Why Release Update Revisions (RUR) are tricky

A while ago we introduced Release Updates (RU) and Release Update Revisions (RUR). And despite the fact that not only we but also well known external experts such as Ludovico Caldara recommend to stay with Release Updates and simply ignore the Revisions, some people use them. There may be reasons for doing so. But in this blog post I will explain why Release Update Revisions (RUR) are tricky.

Photo by Michał Parzuchowski on Unsplash

Photo by Michał Parzuchowski on Unsplash

Differences between Updates and Revisions?

I tried to explain the differences between Updates and Revisions a while ago – and also compare them to PSUs and BPs.

And you may please read also this blog post explaining:

But why are Revisions tricky?

Not only I learned recently that some customers got the idea Revisions (RUR) would only contain security fixes. And hence, they decided to stay with Revisions. In a release terminology this means, you’d go from 18.3.1 to 18.3.2 to 18.4.2 to 18.5.2 and so on. This is technically possible.

But it has a very interesting effect you may not have taken into account. Let me show you a quick example.

This is a patching schedule for Oracle Database 18c:

Why Release Update Revisions (RUR) are tricky

Now we recommend to go forward with Updates (RU). This means you’d apply these patch bundles (or some of them depending on your patch frequency):

Why Release Update Revisions (RUR) are tricky

But what if you decide to go with Revisions (RUR) instead? Then your schedule may look like this:

Why Release Update Revisions (RUR) are tricky

Now you may ask yourself: And what is the tricky thing with RURs?

Well, until 18.3.2 everything looks fine as expected. You use:

  • The Update (RU) from July 2018 with
  • The Revision 1 (RUR-1) from October 2018 containing security and regression fixes from October on top of RU July 2018 and
  • Revision 2 (RUR-2) from January 2018 adding security and regression fixes from January on top of RU + RUR-1

So far, so good. But …

With 18.4.2 you don’t add just the security and regression fixes from April on top. This isn’t RU + RUR-1 + RUR-2 + “new security/regression fixes”.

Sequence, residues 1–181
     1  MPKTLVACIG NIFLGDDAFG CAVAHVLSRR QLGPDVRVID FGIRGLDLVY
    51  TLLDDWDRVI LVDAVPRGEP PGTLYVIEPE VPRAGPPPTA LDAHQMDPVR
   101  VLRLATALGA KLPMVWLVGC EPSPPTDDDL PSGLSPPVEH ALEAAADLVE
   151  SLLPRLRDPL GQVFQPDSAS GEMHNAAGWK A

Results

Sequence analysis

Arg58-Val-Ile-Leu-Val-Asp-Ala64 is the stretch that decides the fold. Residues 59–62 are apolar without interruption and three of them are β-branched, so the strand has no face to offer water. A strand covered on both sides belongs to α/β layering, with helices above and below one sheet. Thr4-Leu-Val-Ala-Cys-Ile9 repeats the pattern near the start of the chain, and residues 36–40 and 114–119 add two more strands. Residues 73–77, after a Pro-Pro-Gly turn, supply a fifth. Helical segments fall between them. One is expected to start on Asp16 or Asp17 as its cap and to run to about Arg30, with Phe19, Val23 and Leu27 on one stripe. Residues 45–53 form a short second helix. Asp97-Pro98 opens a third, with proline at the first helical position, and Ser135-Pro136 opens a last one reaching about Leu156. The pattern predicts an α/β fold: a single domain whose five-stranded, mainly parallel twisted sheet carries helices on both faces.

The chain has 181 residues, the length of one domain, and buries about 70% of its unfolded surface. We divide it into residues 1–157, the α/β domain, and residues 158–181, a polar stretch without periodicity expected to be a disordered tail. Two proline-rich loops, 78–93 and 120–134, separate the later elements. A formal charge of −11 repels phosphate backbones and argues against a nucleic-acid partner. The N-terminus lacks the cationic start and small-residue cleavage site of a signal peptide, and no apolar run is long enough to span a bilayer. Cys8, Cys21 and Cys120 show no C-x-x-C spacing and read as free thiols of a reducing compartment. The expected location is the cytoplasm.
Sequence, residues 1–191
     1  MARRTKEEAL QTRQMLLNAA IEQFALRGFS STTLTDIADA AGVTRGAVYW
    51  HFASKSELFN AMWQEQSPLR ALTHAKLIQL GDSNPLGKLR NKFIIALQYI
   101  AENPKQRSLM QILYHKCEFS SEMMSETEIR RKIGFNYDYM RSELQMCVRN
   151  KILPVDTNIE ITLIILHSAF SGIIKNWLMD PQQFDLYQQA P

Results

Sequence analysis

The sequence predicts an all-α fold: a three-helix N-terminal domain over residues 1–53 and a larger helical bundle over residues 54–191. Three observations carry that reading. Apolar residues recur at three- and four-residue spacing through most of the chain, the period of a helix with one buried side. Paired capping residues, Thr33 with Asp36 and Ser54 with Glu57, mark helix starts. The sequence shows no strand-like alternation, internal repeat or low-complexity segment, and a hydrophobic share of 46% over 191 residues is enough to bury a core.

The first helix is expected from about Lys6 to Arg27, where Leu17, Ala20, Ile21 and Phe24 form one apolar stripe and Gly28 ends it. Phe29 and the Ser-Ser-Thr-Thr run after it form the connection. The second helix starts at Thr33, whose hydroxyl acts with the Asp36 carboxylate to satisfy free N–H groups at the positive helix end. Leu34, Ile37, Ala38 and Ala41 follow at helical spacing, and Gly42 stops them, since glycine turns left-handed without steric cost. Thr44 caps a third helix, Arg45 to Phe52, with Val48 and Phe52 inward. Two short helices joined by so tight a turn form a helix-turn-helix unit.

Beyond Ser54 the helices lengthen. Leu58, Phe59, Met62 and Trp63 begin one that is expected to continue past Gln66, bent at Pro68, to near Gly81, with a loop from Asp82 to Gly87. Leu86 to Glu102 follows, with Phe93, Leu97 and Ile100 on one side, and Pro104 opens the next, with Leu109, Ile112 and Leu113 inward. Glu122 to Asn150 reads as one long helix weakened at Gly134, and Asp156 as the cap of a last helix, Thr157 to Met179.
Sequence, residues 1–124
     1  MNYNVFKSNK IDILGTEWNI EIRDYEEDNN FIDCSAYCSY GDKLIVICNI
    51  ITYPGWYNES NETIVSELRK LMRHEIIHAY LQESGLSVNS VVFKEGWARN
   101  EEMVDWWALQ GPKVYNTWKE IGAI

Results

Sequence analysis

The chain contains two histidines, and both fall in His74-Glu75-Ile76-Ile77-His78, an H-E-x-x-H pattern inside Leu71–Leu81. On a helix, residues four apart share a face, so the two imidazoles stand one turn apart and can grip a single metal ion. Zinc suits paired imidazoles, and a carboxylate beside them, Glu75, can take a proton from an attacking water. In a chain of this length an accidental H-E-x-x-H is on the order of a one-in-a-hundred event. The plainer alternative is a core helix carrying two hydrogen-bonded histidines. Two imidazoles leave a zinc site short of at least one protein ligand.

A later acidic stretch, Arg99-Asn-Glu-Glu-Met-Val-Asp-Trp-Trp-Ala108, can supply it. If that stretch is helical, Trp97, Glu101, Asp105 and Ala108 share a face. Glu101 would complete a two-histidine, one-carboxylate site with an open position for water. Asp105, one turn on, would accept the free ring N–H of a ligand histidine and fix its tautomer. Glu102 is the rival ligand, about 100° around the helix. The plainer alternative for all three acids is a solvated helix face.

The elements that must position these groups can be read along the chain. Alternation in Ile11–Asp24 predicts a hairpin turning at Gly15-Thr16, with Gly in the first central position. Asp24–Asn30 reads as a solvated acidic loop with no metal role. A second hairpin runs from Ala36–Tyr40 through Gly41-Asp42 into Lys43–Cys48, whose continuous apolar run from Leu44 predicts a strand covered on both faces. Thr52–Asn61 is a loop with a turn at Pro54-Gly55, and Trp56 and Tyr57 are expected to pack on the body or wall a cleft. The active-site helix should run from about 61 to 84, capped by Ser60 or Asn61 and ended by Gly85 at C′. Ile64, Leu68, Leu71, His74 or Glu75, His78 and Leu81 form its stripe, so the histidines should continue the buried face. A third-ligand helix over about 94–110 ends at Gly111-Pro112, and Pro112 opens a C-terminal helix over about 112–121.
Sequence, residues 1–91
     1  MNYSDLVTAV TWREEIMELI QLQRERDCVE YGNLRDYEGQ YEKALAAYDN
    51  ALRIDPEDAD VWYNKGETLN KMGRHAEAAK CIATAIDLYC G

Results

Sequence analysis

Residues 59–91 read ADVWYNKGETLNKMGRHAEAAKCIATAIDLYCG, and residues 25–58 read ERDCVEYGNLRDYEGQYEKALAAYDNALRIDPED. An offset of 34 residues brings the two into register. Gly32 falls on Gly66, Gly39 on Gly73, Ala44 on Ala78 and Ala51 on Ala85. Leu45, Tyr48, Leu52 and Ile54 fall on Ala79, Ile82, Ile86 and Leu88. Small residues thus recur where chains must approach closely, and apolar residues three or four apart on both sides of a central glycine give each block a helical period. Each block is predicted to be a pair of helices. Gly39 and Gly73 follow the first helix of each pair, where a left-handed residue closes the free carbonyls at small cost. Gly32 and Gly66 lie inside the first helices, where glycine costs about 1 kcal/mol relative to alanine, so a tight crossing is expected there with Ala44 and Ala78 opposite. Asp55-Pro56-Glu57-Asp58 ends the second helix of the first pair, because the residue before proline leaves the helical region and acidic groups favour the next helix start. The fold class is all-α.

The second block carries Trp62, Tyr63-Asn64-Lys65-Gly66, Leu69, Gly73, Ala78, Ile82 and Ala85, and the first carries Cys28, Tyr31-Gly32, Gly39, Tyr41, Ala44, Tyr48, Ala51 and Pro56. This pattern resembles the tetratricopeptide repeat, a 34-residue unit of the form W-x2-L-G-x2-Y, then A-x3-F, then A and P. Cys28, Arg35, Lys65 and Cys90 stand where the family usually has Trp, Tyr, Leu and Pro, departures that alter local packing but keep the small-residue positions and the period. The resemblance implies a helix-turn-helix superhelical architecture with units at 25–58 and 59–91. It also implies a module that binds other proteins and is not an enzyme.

With 18.4.2 you jump now from RU July to RU October. You add all the other content from October – and NOT ONLY the security and regression fixes.

Why Release Update Revisions (RUR) are tricky

This is important to understand.

And of course, the same jump will happen in July when you go to 18.5.2. Then you introduce the 18.5.0 Update from January automatically.

Why Release Update Revisions (RUR) are tricky

For me, this is clearly another argument AGAINST using Revisions unless Oracle Support clearly advises you to apply a Revision. You have this hidden jump from one Update (RU) to another. And as you will see this jump anyways, you should go with Updates only. There will be only 2 Revisions – there won’t be an RUR-3. Hence, this jump will happen when you stay with Revisions.

Jan 21, 2020:

An example as addition to clarify in numbers what I explained in graphics above. Let’s take a simple example and say every RU adds 100 new fixes to the previous one, every RUR adds only 25 fixes on top of the RU it’s based on, or the previous RUR. Then it becomes obvious how short-sighted the idea of RURs is. As long as RURs are not given as an emergency but outside-the-schedule bundle on top of a given RU, it makes no sense – and you’ll be hit by what I call the RUR trap or RUR pitfall:

Why Release Update Revisions (RUR) are tricky

If you follow the RUR track, you will add 100 new fixes with RURs, too, but just delayed by 6 months. I don’t think this makes any sense. And it complicates your patching life as well. And take any example of the above timeline. In October you’d miss 150 existing fixes when you’d stay on the RUR-2 instead of going to the October RU.

Hence, I’m giving you a clear recommendation.

Stay with Updates (RU) instead.
Makes your life much easier.







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